African Aesthetic Keeper of the Traditions
Keeper of the Traditions
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|Format: ||Paperback / softback, 288 pages|
|Other Information: ||Illustrations|
|Published In: ||United States, 30 October 1994|
While the field of aesthetics has long been dominated by European philosophy, recent inquiries have expanded the arena to accommodate different cultures as well as different definitions and meanings. Aesthetics often establishes the pattern that connects culture functions in a society. In African and African American societies it functions as the "keeper of the traditions." The African aesthetic is visible from popular culture to the classical cultures. In all art forms, including body adornment arts, there emerge symbols, colors, rhythms, styles, and forms that function as artistic instruments and cultural histories. While acknowledging African cultural diversity, the focus here is on the commonalities in the aesthetic that make an Ibo recognize a Kikuyu and a Jamaican recognize a Chewa and an African American recognize a Sotho. The deep structure manifest in African cultures in the diaspora is proof of the aesthetic continuity. The debate continues over the exact nature of African aesthetics, and in this volume scholars and teachers in the fields of African and African American studies approach the subject from a broad range of disciplines. Dance, music, art, theatre, and literature are examined in order fully to appreciate and delineate what the specific qualities and aspects of an African aesthetic might be. Additionally, theoretical concepts and issues are discussed in order to define more clearly what is meant by an "African aesthetic." The term "African" here applies to all Africans, both continental and diasporan, and encompasses historically used terms such as "Negro," "Black," and "Afro-American." This thoughtful and thought-provoking volume will be a valuable addition to thereadings of scholars and students in fields ranging from African studies to general philosophy and cultural studies.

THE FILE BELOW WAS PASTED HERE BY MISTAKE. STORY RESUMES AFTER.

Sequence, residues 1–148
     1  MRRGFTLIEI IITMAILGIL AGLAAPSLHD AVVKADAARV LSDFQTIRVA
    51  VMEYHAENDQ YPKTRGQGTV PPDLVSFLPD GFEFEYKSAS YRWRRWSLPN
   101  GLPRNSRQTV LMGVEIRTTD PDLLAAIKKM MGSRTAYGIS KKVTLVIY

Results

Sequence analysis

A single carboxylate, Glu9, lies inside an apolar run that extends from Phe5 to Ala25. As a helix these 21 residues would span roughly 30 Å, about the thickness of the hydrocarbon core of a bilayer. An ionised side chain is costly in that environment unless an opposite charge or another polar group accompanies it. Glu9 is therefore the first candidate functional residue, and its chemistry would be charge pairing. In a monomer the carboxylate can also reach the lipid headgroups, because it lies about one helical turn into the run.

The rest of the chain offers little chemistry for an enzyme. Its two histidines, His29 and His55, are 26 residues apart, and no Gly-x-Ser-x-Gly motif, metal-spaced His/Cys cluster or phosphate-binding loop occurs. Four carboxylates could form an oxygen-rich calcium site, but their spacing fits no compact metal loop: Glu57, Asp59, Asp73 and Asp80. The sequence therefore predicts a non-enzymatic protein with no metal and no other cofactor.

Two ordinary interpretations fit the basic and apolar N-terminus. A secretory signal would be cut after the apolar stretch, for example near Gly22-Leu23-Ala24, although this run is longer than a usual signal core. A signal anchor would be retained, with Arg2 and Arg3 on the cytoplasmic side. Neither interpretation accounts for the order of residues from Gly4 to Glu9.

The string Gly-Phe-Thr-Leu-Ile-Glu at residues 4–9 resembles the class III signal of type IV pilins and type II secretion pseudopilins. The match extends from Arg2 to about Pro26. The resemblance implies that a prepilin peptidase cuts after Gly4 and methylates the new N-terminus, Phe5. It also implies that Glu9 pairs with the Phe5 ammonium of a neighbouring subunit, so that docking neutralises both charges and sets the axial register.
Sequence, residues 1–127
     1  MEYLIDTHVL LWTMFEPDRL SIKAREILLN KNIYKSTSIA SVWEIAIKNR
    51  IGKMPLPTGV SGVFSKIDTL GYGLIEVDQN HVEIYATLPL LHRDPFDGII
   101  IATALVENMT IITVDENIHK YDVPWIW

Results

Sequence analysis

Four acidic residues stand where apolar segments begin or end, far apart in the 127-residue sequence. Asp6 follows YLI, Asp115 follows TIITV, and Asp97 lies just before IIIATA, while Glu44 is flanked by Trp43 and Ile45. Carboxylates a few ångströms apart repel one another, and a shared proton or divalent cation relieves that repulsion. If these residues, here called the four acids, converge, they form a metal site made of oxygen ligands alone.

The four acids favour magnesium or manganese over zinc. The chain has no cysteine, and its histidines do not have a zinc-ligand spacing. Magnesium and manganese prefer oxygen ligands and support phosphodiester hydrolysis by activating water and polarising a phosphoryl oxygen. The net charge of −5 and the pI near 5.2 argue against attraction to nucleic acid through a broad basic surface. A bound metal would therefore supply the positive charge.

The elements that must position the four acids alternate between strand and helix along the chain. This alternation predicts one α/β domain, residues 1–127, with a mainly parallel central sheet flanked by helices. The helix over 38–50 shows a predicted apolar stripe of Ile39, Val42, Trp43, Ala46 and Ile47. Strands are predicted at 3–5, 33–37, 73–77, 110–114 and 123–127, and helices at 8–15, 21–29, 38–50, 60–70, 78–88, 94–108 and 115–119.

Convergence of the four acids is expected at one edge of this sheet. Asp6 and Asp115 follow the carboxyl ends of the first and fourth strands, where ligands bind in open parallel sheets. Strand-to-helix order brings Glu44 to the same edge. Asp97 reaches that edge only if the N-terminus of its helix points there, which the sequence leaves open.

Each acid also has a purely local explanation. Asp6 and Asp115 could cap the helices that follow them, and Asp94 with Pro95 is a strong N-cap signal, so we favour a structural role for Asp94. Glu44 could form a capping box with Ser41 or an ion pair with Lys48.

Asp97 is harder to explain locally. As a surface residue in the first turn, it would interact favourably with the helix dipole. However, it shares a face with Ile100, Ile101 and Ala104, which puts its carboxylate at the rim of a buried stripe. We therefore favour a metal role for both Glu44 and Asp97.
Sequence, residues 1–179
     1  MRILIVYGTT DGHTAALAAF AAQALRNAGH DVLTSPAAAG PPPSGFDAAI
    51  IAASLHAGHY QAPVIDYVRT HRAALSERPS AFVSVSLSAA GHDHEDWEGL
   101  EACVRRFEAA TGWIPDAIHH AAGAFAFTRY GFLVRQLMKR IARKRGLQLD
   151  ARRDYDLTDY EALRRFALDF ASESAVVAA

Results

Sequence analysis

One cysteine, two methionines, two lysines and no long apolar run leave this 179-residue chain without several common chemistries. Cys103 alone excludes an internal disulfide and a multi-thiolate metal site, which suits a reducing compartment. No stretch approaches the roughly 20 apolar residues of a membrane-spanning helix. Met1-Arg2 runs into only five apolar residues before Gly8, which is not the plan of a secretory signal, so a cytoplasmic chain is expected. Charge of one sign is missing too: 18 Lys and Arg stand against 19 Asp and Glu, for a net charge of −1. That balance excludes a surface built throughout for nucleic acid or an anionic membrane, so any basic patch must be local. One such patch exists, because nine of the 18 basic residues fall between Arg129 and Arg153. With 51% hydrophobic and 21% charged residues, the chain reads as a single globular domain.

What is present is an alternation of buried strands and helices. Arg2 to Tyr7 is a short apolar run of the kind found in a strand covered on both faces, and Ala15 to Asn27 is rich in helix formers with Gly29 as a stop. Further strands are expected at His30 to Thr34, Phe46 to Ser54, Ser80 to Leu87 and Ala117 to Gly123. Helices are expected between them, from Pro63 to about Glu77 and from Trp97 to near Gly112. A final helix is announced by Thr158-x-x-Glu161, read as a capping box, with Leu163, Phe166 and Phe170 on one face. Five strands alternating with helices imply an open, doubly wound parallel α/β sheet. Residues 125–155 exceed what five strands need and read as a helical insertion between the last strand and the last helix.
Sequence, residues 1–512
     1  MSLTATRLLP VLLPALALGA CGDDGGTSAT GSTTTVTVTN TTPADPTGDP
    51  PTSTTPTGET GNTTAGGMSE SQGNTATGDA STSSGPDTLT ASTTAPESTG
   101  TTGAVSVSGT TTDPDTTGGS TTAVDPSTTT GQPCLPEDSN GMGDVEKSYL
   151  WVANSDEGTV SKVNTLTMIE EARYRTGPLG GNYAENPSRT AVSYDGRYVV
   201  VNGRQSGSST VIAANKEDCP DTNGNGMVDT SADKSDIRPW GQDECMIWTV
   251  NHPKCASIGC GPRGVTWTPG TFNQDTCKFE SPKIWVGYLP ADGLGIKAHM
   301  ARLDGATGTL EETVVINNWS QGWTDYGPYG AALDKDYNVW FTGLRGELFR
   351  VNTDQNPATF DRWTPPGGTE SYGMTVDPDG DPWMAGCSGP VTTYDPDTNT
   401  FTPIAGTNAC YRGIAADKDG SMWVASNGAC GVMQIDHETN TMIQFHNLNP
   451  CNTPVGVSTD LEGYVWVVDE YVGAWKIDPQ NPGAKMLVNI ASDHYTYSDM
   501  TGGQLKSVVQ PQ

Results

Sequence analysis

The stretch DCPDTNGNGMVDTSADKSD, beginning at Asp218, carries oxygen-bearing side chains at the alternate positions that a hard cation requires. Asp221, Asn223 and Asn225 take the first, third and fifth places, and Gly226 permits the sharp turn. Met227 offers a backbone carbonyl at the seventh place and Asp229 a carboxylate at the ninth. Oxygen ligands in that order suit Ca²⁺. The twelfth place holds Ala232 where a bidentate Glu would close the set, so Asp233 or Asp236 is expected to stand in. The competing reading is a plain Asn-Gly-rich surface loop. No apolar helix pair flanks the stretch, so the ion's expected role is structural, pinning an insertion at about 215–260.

While the field of aesthetics has long been dominated by European philosophy, recent inquiries have expanded the arena to accommodate different cultures as well as different definitions. In this volume, scholars and teachers in the fields of African and African American studies advance the debate over the nature of African aesthetics, approaching the subject from a broad range of disciplines.
Table of Contents
Introduction The Foundations The Concept of Nzuri: Towards Defining an African Centered Aesthetic; The African American Aesthetic and National Consciousness: Optimal Afrocentric Thought; The African Diasporan Ritual Mode: A Paradigm for the Analysis of Plays from the African Continuum; Location Theory and African Aesthetics; The African Aesthetic and National Consciousness Applications Mpai: Libation Oratory; Aesthetic Practices Among African-American Women: An Examination of the Relevance of Three Competing Motivations; Jazz Literature and the African-American Aesthetic; The Search for an Afrocentric Visual Aesthetic; Aesthetics and African American Musical Expression; Prospects The Aesthetics of Nommo in the Films of Spike Lee: "School Daze" and "Do The Right Thing" Zora Neale Hurston's Transmutation and Synthesis of Nommo: Reclamation of a Legacy Art for Life's Sake: African Art as a Reflection of an Afrocentric Cosmology Conclusion Keeper of the Traditions: A Bibliographic Essay in African Aesthetics Index
About the Author
KARIAMU WELSH-ASANTE is Associate Professor of African American Studies and Director of the Institute for African Dance at Temple University. Her areas of academic specialization include African aesthetics and culture and African and African American dance, and her published books include African Culture: Rhythms of Unity (Greenwood Press, 1985), Af rica World Press, 1989) and African Dance: An Artistic, Historical and Philosophical Inquiry.
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